Front page, May 15, 1917: 'Disillusioned' man impersonating Marine could get one year in prison - The Buffalo News
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Front page, May 15, 1917: 'Disillusioned' man impersonating Marine could get one year in prison

Here are some highlights from the Buffalo Evening News of May 15, 1917:

* Russia's provisional government was trying to "stave off collapse" after a revolution the previous month. Government officials announced they are determined to stick to the task of operating a Democratic government.

* Buffalo was chosen for a new Army aviation station as the War Department also announced it would take over the entire output of the Curtiss Aeroplane Plant. At the time, Curtiss was one of the biggest airplane manufacturers in the world and was already heavily involved in making airplanes and parts for the military.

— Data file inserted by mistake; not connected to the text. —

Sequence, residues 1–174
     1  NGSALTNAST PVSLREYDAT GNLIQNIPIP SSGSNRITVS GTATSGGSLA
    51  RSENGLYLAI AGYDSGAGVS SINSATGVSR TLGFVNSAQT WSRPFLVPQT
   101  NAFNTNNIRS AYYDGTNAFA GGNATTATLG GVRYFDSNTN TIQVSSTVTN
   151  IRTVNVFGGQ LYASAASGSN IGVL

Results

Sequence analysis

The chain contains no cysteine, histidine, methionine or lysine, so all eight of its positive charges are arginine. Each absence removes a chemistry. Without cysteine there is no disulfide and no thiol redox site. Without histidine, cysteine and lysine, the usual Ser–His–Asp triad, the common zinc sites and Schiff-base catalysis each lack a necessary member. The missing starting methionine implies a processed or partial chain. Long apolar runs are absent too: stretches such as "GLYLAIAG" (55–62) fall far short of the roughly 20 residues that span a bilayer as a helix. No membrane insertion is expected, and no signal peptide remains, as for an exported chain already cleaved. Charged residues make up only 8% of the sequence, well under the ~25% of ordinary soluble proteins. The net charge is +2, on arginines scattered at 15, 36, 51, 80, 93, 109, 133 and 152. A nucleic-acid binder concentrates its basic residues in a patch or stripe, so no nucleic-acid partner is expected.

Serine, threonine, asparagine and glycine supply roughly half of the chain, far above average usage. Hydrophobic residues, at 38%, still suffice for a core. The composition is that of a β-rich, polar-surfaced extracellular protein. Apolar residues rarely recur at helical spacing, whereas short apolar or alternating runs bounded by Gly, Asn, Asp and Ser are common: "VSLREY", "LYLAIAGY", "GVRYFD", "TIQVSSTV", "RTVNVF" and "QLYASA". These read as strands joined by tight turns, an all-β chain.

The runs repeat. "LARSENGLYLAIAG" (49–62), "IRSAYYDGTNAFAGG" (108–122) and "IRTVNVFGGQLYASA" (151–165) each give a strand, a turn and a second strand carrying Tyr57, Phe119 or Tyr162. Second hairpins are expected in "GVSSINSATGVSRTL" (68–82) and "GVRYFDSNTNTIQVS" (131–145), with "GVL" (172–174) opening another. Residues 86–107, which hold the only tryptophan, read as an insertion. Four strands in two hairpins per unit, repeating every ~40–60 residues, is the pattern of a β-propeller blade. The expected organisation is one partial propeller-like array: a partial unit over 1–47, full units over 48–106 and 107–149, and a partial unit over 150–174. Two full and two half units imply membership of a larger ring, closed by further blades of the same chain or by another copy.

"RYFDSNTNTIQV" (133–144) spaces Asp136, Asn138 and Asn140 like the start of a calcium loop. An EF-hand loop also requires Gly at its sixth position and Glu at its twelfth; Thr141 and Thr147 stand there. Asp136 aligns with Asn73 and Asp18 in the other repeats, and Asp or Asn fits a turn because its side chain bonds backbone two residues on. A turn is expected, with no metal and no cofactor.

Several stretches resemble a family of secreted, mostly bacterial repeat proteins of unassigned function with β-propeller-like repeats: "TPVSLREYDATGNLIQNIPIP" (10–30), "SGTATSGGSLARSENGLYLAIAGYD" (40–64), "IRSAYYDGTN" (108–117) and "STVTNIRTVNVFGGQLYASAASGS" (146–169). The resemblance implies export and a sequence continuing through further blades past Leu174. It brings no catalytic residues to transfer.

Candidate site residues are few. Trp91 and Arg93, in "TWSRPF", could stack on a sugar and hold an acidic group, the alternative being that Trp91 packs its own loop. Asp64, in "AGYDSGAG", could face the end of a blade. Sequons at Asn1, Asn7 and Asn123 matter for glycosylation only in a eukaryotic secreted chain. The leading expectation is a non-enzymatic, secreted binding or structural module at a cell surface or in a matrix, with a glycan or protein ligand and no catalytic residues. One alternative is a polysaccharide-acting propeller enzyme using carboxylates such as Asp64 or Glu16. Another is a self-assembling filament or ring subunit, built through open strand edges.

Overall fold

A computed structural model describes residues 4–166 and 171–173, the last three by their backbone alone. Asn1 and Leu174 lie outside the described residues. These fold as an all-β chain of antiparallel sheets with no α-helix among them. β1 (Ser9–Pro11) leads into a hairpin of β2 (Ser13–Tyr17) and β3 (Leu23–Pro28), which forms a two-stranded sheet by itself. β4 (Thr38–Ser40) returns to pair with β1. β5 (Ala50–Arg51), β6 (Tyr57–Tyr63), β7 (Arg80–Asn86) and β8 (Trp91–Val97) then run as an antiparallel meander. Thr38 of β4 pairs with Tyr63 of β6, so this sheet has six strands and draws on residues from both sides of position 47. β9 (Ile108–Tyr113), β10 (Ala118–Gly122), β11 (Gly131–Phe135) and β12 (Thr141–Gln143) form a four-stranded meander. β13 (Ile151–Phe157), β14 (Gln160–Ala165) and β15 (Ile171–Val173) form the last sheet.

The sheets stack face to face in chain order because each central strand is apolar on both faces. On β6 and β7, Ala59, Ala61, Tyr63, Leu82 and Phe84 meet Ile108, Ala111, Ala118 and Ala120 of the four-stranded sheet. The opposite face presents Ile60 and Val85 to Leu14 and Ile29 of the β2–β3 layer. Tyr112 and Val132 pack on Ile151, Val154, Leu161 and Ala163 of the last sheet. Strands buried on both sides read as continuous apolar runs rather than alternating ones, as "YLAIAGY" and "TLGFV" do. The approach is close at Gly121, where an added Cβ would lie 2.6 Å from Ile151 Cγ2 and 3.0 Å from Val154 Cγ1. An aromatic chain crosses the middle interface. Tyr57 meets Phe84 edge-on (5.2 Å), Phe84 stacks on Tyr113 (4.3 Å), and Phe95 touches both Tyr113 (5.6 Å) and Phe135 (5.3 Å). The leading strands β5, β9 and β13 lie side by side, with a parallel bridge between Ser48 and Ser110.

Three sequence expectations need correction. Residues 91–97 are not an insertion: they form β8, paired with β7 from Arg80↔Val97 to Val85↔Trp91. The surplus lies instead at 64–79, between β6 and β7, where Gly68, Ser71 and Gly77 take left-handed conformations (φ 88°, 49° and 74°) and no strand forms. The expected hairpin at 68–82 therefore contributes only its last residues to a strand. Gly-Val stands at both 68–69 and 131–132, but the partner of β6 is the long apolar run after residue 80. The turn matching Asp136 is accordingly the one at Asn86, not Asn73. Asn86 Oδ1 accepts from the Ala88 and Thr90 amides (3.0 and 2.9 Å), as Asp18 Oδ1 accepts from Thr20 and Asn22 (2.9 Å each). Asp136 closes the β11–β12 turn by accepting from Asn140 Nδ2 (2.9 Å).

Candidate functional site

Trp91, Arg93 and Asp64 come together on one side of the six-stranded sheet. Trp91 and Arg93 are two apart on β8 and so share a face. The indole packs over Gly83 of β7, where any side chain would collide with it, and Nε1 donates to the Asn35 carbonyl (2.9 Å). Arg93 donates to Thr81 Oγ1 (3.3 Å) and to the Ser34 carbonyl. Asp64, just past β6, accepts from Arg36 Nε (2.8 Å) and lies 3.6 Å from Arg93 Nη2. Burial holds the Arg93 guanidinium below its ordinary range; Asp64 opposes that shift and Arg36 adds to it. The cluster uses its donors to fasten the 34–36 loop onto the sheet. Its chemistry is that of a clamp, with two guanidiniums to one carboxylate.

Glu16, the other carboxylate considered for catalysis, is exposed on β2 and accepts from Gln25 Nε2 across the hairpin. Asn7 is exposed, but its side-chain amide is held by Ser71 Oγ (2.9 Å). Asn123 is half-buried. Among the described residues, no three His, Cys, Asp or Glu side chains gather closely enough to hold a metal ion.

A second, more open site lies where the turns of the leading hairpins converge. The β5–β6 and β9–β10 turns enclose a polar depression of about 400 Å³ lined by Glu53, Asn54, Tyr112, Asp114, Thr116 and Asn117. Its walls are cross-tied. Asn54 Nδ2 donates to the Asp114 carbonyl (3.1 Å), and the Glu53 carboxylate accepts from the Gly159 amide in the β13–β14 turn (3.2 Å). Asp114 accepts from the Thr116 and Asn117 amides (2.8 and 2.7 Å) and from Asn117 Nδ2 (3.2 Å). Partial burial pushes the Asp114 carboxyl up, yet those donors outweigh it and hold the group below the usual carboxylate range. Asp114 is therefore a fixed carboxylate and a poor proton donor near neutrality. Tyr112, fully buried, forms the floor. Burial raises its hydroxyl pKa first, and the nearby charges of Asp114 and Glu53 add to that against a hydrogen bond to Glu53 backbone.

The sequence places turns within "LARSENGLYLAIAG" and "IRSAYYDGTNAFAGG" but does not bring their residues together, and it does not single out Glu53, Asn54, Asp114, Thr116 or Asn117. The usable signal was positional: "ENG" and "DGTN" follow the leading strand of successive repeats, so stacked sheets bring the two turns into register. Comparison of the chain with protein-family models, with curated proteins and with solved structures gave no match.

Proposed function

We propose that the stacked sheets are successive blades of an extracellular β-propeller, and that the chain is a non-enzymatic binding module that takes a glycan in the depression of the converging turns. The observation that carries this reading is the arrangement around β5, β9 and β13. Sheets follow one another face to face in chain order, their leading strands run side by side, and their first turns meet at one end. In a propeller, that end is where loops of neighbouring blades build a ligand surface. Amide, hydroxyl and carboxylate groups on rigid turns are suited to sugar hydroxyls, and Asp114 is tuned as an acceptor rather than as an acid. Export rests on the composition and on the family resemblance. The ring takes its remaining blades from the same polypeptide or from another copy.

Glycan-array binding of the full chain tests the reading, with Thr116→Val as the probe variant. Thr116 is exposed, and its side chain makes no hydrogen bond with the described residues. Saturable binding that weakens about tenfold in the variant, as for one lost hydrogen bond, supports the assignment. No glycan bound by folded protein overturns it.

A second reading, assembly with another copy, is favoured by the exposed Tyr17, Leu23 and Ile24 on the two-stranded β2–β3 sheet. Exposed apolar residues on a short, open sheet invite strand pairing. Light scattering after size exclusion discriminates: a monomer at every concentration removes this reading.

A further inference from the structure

* With many Buffalo businesses contributing to the war effort, the local economy was seeing an uptick. The article reported, "Business is very good and going to be better, is the consensus of opinion among employees of labor." 1917 was expect to be a good year for Buffalo workers and businessmen.

* A "disillusioned" man named Earl Knapp was "masquerading" around Brockport claiming to be a Marine. After an actual former Marine heard Knapp's tale and reported him to a recruiting office, Knapp was arrested. The statutory penalty for impersonating a military, naval or marine officer was one year in prison.

Here's the front page of the Buffalo Evening News from May 15, 1917:

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